DWP: 37 percent drop in pipe leaks, water main breaks

LOS ANGELES (KABC) -- The water main break in Encino Monday was just the latest in what has become a common sight in Los Angeles. So are engineers making any headway in reducing the number of breaks?

As spectacular as what you might see on the Las Vegas strip, thousands of gallons of water shot skyward in 2009. But no, it was not a show. Like many now infamous blowouts, it was a display of what happens as 7,200 miles of L.A.'s pipelines get older.

Another factor that might have contributed to the water main break in Encino: the weather.

"Just like anything else, water pipes expand when it's hot and that expansion puts tension in the system," said Julie Spacht of DWP.

A series of days with temperatures in the 90s can be the tipping point for fragile pipes. DWP says, however, its strategy for identifying potential hotspots has improved dramatically over the last seven years. It reports a 37 percent drop in pipe leaks and breaks.

Part of the solution, according to L.A. Mayor Eric Garcetti, is funding.

"If you take, for instance, the valves that were busting and breaking just a few years ago, we've started spending more than 40 percent more on them each year, and we've brought down the number that are failing from over 40 percent to less than 10 percent, so we're seeing a lot of progress," Garcetti said.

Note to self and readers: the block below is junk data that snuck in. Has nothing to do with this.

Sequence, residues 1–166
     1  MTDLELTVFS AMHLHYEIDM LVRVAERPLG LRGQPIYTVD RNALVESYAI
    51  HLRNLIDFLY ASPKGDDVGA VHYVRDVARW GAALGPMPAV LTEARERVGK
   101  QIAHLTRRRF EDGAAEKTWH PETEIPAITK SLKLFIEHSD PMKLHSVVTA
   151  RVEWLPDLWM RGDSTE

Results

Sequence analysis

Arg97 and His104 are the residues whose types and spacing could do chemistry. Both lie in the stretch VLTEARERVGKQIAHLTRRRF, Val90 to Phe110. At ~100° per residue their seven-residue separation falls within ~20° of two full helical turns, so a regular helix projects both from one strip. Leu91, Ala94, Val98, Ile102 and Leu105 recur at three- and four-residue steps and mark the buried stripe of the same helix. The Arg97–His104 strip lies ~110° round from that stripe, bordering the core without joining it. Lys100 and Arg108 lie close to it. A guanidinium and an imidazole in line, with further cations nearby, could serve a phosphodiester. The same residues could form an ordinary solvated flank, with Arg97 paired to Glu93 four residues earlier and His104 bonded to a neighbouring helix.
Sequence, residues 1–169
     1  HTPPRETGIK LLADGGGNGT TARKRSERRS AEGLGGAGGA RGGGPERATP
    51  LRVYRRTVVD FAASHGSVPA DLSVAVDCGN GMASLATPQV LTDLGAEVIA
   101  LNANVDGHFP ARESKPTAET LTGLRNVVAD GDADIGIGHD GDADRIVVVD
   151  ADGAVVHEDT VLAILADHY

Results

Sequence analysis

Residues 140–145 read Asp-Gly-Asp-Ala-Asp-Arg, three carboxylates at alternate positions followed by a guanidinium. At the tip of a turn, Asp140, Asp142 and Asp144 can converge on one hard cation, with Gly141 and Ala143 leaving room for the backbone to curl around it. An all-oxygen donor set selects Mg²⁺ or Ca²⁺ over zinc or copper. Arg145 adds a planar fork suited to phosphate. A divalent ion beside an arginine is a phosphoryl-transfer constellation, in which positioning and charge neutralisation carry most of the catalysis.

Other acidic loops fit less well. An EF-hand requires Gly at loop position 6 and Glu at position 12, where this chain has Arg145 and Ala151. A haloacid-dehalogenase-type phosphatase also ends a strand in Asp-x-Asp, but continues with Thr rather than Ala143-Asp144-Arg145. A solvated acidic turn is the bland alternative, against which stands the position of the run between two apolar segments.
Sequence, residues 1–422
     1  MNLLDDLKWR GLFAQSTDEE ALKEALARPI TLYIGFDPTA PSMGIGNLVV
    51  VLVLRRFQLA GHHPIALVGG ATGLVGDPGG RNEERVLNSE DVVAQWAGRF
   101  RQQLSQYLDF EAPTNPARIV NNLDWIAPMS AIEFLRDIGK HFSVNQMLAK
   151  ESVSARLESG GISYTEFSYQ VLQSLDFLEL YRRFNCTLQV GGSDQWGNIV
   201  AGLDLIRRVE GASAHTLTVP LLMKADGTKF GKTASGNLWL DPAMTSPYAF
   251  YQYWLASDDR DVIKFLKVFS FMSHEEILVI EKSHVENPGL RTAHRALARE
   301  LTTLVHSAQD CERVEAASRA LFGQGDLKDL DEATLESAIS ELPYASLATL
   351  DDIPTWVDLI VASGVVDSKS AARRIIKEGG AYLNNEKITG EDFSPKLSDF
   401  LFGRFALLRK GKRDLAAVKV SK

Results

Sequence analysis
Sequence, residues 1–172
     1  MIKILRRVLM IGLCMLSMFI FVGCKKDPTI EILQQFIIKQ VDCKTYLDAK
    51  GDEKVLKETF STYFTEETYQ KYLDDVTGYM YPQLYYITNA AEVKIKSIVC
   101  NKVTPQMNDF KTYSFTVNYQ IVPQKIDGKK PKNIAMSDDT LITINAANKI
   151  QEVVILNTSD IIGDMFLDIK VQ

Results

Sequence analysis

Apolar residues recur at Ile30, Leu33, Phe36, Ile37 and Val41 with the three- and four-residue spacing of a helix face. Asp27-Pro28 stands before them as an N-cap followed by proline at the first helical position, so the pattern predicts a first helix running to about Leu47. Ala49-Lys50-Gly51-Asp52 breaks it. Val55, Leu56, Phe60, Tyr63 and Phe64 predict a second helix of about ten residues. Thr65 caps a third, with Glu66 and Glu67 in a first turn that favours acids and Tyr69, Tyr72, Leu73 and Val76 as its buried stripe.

DWP employs a strategy for replacing pipe, evaluating several factors to assess its risk of failure, starting with the soil that surrounds the pipe.

In 2009, engineers went deeper to figure out why there was a sudden spike in breaches, 43 that September double the same period the previous year.

The study found that it was a drought year, that there were water restrictions, and that the uneven usage was taxing to the system. Since then, DWP has replaced 100 miles of pipe, and the breaches have reduced from 1,700 to 1,100.

"We believe that that's a validation of our replacement programs and that we're picking the right pipe," Spacht said.

DWP urged customers to report any sign of suspicious water activity in their neighborhoods by calling 1 800-DIAL-DWP.






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